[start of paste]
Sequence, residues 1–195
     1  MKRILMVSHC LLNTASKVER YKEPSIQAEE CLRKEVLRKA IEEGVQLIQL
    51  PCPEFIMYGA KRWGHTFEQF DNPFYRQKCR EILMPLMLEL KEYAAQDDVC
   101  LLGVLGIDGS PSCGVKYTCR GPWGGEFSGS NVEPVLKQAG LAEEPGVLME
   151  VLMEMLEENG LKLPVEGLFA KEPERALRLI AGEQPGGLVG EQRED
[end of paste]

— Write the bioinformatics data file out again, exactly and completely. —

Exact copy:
Sequence, residues 1–195
     1  MKRILMVSHC LLNTASKVER YKEPSIQAEE CLRKEVLRKA IEEGVQLIQL
    51  PCPEFIMYGA KRWGHTFEQF DNPFYRQKCR EILMPLMLEL KEYAAQDDVC
   101  LLGVLGIDGS PSCGVKYTCR GPWGGEFSGS NVEPVLKQAG LAEEPGVLME
   151  VLMEMLEENG LKLPVEGLFA KEPERALRLI AGEQPGGLVG EQRED